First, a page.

Mayors Of San Diego, Tijuana Hope To End Wait-Times Plaguing Their Border
Travelers enter the United States in San Ysidro, CA, one of the numerous crossings along the border.
Ruxandra Guidi
January 10, 2013

Two mayors are crossing borderlines to lobby their respective federal governments for comprehensive border reform. Like anyone who has crossed the San Yisdro port of entry since 9/11, the two mayors are sick of torturous border wait times.

Our reporter Adrian Florido recently talked with one motorist who exemplifies the outrageous time-suck engulfing anyone who wishes to cross from Tijuana to San Diego.

“I’ve been waiting about an hour,” he said, “And I estimate the entire wait’s going to be two hours and forty minutes to cross.”

This is a daily routine for Gonzalez, who lives in Tijuana but works in San Diego six days a week. Waits approaching three hours are the norm, meaning he spends upward of 18 hours a week just sitting in his truck, idling.

This is not only a waste of time, but as San Diego Mayor Bob Filner and Tijuana Mayor Bustamante argue, it’s a waste of potential revenue as well.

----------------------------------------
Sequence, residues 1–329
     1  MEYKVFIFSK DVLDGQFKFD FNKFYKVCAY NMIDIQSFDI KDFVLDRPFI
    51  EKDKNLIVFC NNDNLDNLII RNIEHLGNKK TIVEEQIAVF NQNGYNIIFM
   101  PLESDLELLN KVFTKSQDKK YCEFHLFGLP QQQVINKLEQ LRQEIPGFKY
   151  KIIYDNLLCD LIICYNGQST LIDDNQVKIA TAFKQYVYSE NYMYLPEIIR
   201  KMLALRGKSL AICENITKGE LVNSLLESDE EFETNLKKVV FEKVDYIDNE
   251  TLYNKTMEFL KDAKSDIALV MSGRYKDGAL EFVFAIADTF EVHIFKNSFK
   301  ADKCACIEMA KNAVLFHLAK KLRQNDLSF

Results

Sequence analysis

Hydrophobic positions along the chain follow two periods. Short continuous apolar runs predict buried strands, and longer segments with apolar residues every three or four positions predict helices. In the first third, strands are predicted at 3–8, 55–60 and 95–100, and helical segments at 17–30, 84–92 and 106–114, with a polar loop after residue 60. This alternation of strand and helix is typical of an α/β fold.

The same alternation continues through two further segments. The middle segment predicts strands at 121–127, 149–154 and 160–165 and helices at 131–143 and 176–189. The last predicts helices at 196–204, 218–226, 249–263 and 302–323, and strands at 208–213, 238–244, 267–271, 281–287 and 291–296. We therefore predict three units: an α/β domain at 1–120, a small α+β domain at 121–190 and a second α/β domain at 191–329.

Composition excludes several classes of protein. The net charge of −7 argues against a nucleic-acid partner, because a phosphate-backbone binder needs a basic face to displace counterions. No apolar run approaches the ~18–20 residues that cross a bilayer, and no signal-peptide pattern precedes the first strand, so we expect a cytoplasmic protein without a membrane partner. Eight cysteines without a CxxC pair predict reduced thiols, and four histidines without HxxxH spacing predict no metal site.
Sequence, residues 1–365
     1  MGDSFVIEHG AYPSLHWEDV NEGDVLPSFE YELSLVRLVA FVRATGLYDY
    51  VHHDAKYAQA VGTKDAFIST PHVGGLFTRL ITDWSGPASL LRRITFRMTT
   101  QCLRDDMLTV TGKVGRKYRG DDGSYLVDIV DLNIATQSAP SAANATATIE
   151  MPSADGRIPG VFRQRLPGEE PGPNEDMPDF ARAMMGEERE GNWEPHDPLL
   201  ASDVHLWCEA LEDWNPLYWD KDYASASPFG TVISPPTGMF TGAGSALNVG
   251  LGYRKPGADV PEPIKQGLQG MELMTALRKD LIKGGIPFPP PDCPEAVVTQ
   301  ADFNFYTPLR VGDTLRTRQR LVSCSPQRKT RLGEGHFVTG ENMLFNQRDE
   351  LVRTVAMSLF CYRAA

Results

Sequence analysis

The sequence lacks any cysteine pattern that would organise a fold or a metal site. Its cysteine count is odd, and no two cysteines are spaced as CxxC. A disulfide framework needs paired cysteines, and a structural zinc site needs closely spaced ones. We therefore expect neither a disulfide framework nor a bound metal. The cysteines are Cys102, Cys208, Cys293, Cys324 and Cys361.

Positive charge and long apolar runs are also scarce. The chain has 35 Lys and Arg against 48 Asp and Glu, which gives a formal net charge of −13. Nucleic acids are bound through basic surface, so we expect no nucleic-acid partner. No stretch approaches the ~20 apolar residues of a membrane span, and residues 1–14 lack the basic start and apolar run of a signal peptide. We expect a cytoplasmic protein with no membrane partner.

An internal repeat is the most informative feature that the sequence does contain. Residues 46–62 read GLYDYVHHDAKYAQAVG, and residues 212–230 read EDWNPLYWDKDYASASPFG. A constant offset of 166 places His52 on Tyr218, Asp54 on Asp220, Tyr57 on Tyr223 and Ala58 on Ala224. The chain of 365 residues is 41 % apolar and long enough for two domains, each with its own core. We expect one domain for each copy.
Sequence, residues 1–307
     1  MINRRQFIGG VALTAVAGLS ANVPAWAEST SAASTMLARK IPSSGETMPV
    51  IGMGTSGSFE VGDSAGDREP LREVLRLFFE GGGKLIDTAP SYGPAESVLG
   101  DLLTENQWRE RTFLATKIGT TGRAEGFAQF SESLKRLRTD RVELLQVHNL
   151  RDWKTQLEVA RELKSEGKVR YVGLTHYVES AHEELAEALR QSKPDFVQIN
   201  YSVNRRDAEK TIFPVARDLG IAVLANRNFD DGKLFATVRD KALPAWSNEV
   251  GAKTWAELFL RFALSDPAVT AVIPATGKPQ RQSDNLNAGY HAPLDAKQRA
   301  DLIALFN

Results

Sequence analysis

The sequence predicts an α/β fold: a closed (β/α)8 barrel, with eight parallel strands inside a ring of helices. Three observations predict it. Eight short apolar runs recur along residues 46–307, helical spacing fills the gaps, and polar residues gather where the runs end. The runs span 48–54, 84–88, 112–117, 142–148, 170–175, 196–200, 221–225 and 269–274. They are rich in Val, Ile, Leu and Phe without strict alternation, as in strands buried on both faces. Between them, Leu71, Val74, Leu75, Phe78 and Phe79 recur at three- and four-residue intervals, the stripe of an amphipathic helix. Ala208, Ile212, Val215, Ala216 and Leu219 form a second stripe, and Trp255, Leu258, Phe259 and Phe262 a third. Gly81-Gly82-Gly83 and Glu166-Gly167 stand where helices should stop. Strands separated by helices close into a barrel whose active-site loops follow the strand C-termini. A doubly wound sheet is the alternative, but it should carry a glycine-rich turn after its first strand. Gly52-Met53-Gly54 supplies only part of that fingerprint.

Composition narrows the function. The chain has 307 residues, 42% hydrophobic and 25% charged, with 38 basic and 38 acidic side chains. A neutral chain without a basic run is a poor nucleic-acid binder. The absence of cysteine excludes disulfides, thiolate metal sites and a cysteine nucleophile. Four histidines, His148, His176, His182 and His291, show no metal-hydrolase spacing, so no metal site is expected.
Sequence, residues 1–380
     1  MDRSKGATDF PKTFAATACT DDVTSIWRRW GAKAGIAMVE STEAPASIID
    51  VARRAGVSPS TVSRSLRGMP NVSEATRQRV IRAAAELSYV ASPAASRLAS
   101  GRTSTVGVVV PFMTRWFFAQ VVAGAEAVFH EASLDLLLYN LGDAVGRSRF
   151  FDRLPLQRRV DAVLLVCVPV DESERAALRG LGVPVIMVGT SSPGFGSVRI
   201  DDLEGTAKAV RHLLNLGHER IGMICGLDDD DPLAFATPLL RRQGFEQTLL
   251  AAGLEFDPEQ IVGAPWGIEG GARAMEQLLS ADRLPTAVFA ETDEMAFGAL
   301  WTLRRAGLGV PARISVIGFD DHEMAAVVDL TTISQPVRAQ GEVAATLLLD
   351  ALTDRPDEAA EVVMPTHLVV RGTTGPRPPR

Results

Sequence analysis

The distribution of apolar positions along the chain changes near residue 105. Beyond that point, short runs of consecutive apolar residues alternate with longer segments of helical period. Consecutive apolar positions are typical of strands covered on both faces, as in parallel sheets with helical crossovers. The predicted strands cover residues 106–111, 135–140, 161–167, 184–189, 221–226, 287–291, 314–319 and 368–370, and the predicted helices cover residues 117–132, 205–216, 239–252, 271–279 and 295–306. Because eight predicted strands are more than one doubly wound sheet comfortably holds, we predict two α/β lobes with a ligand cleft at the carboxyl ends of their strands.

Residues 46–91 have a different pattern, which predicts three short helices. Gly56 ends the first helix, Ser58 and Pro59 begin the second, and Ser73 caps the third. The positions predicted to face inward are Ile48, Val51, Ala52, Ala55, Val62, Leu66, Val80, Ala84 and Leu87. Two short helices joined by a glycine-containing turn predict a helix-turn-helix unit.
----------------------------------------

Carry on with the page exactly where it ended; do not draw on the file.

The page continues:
What type of revenue? A 2007 study estimates, “San Diego County loses $539 million in annual revenue from reduced freight activity. This translates into more than 2,900 jobs or $155 million in lost labor income a year in 2007. “

And the people who do put up with the hassles of crossing the border spend a lot of money:

(A cross-border consulting group) estimates that border crossers who do brave the lines spend $10 million to $15 million a day in San Diego and California, with the potential being much greater if long waits are shortened and some of those historic crossing trends can be revived.

Improving cross-border traffic is a key piece in the new San Diego Mayor Bob Filner’s agenda. As a congressman he advocated for improving San Ysidro infrastructure. And now, as Mayor, he’s lobbying Washington and working his colleague south of the border. Voice Of San Diego:

(Filner is) planning trips to Washington D.C. and Mexico City to lobby for change. There, he’ll argue that trade and consumer spending could boom if crossing the border were less onerous, and that the binational region can’t reach its full potential without federal assistance.

“There’s never been a problem between the cities,” said Tijuana Mayor Carlos Bustamante. “It’s the politicians in Washington and Mexico City. They hear us but they don’t understand and they don’t listen.”

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